Rebecca Adlington says her Great Britain team-mates should seize their "one shot" to compete at a home Olympics as London prepares to stage the Games for a third time.
The swimmer is one of Team GB's best hopes for success after winning double gold in Beijing and is relishing the chance to shine on home soil.
"It is going be so different and something that you can't fully prepare for. It's exciting and new and just one of those things that you have to take in your stride," said the 23-year-old.
"I know it sounds like a song, but this is our one shot to compete at a home Olympics. I just think it's going to be amazing."
More than 10,000 athletes from 204 nations will compete for a total of 302 gold medals in London, which also hosted the Games in 1908 and 1948. More women are taking part than ever before.
Adlington added that the home crowd could have a key role to play as Britain seek to better their fourth-place finish at the 2008 Games. They won 19 golds in China and 47 medals in total.
"It's going to lift us all and pick us up if we're feeling low," she said. "I'm sure it's just going to be 100% positive for the whole week."
Britain have been set a target of at least 48 medals by UK Sport, the body that helps fund Britain's Olympians.
Some of GB's main hopes rest on the likes of Adlington, sailor Ben Ainslie, athletes Jessica Ennis,Dai Greene and Mo Farah, cyclists Sir Chris Hoy, Mark Cavendish and Victoria Pendleton, gymnasts Beth Tweddle and Louis Smith, and rowers Kath Grainger,Anna Watkins,Zac Purchase and Mark Hunter.
"I think GB can be really successful," Ennis said. "Having a home crowd is just going to bring out some extra performances in all of us."
The heptathlete, who missed the 2008 Games because of injury, hopes the British team can feed off each other's success.
"When you see someone performing well in the team it gives you that extra edge and feeling that you want to perform just as well and keep that ball rolling," she added.
Cavendish could give Britain their first gold medal of the Games when he competes in the men's road race on Saturday. He is already the world's best sprinter but has yet to win an Olympic title.
"An Olympic medal, regardless if it's the first or last on offer, is an Olympic medal for your team," he said. "It's easy to get emotional about it. I've been nervous this week."
Friday's opening ceremony marks the official start of the XXX Olympiad, but the action has already begun.
Great Britain's football teams kicked off their campaigns earlier in the week, with the women beating New Zealand 1-0 in Cardiff and the men drawing 1-1 with Senegal in Manchester.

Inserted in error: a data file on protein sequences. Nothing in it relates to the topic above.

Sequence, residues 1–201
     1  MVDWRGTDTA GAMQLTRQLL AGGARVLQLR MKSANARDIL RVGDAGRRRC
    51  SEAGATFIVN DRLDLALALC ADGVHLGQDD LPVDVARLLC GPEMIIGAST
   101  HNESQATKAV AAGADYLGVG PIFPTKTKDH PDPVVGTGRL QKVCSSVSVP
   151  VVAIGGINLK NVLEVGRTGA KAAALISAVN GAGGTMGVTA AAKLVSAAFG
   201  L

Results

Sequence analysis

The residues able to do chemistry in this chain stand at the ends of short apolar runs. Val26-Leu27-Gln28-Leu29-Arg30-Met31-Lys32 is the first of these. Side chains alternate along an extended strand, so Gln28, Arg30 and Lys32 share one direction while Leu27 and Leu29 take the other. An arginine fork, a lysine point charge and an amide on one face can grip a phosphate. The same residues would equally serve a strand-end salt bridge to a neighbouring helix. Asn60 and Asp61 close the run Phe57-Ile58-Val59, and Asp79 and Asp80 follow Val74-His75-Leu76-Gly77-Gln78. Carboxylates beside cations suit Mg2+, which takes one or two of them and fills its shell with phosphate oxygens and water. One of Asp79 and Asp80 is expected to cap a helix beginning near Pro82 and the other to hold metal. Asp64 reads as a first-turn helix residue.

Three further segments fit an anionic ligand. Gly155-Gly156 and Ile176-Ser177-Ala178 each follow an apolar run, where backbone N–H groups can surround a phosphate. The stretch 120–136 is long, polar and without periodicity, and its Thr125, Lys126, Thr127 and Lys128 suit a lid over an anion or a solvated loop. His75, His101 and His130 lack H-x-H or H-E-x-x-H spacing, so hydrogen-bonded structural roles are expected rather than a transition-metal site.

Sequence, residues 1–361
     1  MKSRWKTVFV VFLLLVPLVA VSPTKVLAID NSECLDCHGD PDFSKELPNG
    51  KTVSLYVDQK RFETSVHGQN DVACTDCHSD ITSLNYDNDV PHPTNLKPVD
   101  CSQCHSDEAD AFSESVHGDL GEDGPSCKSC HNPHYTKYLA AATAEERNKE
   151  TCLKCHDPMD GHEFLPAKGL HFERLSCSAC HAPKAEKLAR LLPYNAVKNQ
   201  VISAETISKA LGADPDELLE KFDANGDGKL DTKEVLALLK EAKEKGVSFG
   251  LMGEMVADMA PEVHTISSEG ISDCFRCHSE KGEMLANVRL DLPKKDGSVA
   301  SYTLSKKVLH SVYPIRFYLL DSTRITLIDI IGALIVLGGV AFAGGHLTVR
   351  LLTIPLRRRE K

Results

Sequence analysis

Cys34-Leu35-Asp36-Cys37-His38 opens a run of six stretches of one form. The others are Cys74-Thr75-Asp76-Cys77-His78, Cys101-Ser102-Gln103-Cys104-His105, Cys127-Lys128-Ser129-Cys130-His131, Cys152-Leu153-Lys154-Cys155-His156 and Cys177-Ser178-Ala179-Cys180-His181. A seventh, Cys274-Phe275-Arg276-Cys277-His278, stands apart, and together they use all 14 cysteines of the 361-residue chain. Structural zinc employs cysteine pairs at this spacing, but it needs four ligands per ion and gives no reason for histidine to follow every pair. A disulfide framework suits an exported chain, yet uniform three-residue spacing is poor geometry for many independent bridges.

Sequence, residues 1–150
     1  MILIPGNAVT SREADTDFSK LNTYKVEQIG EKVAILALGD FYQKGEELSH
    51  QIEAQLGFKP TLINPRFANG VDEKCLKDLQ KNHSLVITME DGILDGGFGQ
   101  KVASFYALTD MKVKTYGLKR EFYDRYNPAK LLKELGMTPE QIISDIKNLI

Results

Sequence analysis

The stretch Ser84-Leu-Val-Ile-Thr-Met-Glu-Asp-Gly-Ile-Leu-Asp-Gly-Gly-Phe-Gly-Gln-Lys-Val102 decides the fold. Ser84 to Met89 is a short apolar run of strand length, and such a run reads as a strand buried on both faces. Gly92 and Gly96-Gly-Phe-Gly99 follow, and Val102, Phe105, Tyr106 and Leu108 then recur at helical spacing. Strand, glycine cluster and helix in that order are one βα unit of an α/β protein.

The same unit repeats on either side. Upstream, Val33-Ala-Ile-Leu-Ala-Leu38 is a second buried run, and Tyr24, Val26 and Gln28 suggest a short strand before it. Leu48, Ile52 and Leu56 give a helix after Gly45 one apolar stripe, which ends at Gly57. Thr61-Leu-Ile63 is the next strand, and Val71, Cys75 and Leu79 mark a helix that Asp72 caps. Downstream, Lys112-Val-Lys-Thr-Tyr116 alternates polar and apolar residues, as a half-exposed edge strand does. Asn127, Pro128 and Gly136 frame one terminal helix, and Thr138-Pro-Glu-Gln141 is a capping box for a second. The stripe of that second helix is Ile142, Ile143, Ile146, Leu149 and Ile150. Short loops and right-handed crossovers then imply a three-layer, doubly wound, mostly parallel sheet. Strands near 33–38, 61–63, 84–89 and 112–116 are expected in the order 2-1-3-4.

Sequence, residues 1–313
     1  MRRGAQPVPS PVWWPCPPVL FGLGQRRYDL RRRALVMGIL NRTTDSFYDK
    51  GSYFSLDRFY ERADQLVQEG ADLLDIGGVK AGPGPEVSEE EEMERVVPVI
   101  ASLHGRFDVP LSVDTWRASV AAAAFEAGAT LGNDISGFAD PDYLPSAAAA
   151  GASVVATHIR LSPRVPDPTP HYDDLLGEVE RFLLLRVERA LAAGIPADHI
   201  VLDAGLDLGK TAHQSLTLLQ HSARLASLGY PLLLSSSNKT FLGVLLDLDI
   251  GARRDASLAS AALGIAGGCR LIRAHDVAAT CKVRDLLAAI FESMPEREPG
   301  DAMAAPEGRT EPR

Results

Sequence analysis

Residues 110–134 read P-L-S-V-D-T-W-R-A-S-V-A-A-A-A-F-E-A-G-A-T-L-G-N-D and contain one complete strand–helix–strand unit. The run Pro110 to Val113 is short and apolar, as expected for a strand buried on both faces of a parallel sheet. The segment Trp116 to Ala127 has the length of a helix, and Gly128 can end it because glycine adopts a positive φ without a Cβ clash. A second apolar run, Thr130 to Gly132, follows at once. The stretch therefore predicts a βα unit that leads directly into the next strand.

And two world records were set in the archery events on Friday morning, with South Korea setting new landmarks at Lord's.
Record breakers Usain Bolt and Michael Phelps will be aiming for more Olympic success after starring in Beijing.
Bolt is defending the 100m and 200m titles he won in such style in China, although the Jamaican admits he is only "95% fit", while Phelps, who won eight golds in 2008, is looking to add another seven to his tally.
Phelps is already the most successful Olympian ever with 14 golds, having won six in Athens.
"Everything feels good," said the 27-year-old American, who will retire from major competition after the Games.
"This is something I have been looking forward to for a while. I am going to get in the water and race as hard as I can."
Other big names from the world of sport will be joining Bolt and Phelps on the world's biggest sporting stage.
Roger Federer and Novak Djokovic compete in the tennis events at Wimbledon, LeBron James, Kobe Bryant and Kevin Durant are part of star-studded American basketball team, while Neymar, Hulk and Pato will attempt to give Brazil their first ever gold in men's football.
Federer, who won a gold in the men's doubles in 2008, will start the singles competition as favourite following his record-breaking seventh title at the All England Club just a few weeks ago.
"Having the chance to play in the Olympics at Wimbledon is incredible," said the Swiss. "The pressure is obviously big because it is a different type of event. It only happens every four years, so that is not something we are used to."
Whether world records fall may be down to the unpredictable British weather, but Oscar Pistorius will make history whether it rains or shine.
The South African will become the first double amputee to compete in the Olympics after being selected to run in the men's 400m.
His exploits - and those of Bolt, Phelps, Ennis, etc - will be followed closely by the world's media, with around 21,000 journalists and broadcasters accredited for the Games.
In Britain, the BBC's extensive coverage ensures that every gold medal, every sport and every member of Team GB will be covered every day.
"There is a huge sense of excitement because Britain is ready to welcome the greatest show on earth," said Prime Minister David Cameron. "It's going to be an incredible few weeks for our country."